Dottie Stone

Madison High School graduate Dottie Stone, who earned her doctorate degree while studying the plight of German Jewish refugees in South Africa in the 1930s and 40s, just completed a year of research at the Franklin D. Roosevelt Presidential Library and Museum in New York.

MANSFIELD -- When Dottie Stone graduated from Madison High School in 1966, it's unlikely she envisioned the historical turns her life would take.

The former Plymouth High School teacher, who also taught at Pioneer Career & Technology Center, just completed a year of research as the Morganthau Holocaust Fellow at the Franklin D. Roosevelt Library and Museum in Hyde Park, N.Y.

Though she never started out to become an expert on the Holocaust, the 70-year-old Stone has turned the exploration of genocide of European Jews by Nazi Germany into a large segment of her life's work.

"When I was in college (at Ohio Northern University), we never had a (specific) course on the Holocaust," Stone said during a visit to Richland Source on Monday, just before heading back home to South Carolina.

After graduating from ONU in 1970, Stone returned home to teach in Richland County. She moved to Summerville, S.C., with her family, including three children, in 1984 to escape the cold weather and continued her teaching career.

BEYOND TEACHING:  While there, and late into her teaching career, she learned about a master's degree program in Holocaust and genocide studies at the West Chester University of Pennsylvania, near Philadelphia.

"While I was there, my adviser got some information from Clark University in Worcester, Massachusetts, about their (doctoral) program. I wasn't going to apply and my adviser said, 'Yes, you are.' So I did apply and a got a full fellowship to work on my PhD."

Changing states from Ohio to South Carolina negatively impacted her teacher retirement situation, making the doctoral work even more attractive.

"I couldn't see myself in the classroom at age 65," she said.

Stone began her studies at Clark in 2002 and earned her doctorate in eight years.

"It took awhile to get my dissertation ('Seeking refuge: German Jewish refugees in South Africa') done. I had three years of classwork and then a year of research in South Africa," Stone said.

After earning her doctorate, Stone did interim work at the Holocaust and Humanity Museum in Cincinnati and the Holocaust Documentation & Education Center in Hollywood, Fla.

Stone returned home to Summerville and began work at the nearby Middleton Place, a historic site named for Henry Middleton, who presided over the first Continental Congress, and his son, Arthur, who was one of the signers of the Declaration of Independence.

She works there as a historian, researcher and genealogist. But she jumped at the chance to travel to New York for the year-long research fellowship named for Henry Morganthau, secretary of the treasury in the Roosevelt and Truman administrations from Jan. 1, 1934, until July 22, 1945.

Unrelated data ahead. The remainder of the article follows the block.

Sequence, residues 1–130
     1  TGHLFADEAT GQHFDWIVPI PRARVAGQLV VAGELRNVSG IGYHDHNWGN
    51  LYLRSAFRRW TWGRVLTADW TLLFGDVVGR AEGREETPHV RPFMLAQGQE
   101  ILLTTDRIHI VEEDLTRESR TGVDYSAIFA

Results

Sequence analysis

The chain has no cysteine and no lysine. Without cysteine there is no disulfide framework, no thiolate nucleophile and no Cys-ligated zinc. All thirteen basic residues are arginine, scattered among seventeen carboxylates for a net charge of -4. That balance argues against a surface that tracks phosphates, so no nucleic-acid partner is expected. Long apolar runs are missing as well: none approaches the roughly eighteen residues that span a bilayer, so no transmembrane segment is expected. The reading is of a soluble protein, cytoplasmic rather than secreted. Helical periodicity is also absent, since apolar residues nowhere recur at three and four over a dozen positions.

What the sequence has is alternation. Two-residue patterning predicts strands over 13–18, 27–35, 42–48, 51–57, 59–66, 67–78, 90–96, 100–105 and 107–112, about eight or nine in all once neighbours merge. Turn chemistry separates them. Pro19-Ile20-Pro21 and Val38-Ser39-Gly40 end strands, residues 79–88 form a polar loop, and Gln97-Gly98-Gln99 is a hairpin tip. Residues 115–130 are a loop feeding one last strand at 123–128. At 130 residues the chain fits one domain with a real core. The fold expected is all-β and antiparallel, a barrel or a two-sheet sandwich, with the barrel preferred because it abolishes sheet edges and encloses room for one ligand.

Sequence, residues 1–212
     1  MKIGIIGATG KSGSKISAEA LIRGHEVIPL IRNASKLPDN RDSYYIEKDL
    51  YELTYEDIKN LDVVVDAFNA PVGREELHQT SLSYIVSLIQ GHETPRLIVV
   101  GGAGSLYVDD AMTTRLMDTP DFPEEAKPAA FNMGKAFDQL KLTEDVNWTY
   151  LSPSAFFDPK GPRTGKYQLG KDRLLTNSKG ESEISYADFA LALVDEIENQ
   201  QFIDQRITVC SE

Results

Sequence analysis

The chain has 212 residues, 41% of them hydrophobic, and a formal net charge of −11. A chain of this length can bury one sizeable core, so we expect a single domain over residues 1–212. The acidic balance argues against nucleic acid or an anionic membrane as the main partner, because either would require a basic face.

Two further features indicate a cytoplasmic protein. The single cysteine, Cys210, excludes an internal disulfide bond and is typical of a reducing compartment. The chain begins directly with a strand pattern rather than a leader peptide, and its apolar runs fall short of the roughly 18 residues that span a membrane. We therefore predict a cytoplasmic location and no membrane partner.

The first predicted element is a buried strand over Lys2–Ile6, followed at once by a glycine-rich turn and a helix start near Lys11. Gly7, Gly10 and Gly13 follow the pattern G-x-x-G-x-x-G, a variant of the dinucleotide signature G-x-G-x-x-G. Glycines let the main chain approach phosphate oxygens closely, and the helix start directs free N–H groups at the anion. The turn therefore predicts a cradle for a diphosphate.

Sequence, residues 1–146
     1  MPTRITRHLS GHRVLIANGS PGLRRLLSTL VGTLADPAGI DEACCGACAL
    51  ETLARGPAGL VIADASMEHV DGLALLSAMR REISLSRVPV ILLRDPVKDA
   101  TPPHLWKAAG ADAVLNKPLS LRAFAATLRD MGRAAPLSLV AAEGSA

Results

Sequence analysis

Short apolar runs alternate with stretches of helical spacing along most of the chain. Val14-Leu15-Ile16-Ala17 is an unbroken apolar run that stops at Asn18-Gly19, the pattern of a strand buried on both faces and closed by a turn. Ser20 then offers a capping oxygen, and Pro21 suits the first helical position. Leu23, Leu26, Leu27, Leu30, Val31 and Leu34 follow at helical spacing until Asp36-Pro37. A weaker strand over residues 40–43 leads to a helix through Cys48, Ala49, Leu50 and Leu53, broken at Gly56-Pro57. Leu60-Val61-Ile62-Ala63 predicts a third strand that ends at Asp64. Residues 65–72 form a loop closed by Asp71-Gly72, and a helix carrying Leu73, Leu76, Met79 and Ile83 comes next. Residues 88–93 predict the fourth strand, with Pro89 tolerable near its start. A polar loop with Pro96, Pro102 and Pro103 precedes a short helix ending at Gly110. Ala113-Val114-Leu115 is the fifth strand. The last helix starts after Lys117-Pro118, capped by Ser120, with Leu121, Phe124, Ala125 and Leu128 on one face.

ROOSEVELT STUDIES: Stone said there is much debate regarding Roosevelt's actions and/or inaction during the 1930s and 1940s as German Jews began fleeing Hitler and his Nazi party.

The president was hamstrung by the Immigration Act of 1924, which set limits and quotas on who could enter the country. Stone said many anti-Semitic legislators, especially those in the South and Midwest, opposed allowing the Jewish refugees to come to the United States.

Morganthau, who was Jewish, lobbied hard within the administration during the 1930s and early 1940s to do more to provide shelter to the Jewish refugees.

"Once the war started, Roosevelt was just tied up," Stone said. "The attitude was win the war and then we will save the people."

Morganthau and others finally convinced Roosevelt to start the War Refugee Board in 1944. The board streamlined the work of private relief agencies, helping them send money and resources into neutral and enemy territory. They also placed American representatives in neutral nations to supervise projects and pressure those countries to welcome refugees.

Stone said she came away from her research with a great deal of respect for First Lady Eleanor Roosevelt ("She pushed and pushed and pushed") and U.S. ambassadors to nations neutral during World War II for their work in finding places for refugees.

"(The ambassadors) are the unsung heroes. They did so much," Stone said.

HOME AGAIN: After a week-long visit with family and friends in Mansfield, Stone left Monday morning for South Carolina, returning to the Middleton Place.

She has written one article already on Eleanor Roosevelt, based on her research, that will be used in a book. She isn't sure what the next step will be from her year's worth of studies.

"An article ... or maybe a book," she said. "(Writing) is a tedious process. It's not easy. You have to get your mind focused and there are some days your brain just won't work ... at least mine won't. Those are the days you work on research."

Regardless of how she reproduces the lessons she learned, it's clear Stone has traveled a path far unexpected from the student who graduated from Madison with just a goal of teaching history in mind.

City editor. 30-year plus journalist. Husband. Father of 3 grown sons and also a proud grandpa. Prior military journalist in U.S. Navy, Ohio Air National Guard. -- Favorite quote: "Where were you when the page was blank?"

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